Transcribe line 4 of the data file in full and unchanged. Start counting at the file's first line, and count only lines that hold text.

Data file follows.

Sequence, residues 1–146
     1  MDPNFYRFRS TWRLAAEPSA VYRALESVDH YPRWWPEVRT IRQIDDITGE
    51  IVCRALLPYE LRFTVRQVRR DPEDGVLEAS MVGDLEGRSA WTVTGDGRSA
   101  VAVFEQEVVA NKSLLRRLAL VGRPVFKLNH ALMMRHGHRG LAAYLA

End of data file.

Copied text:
   101  VAVFEQEVVA NKSLLRRLAL VGRPVFKLNH ALMMRHGHRG LAAYLA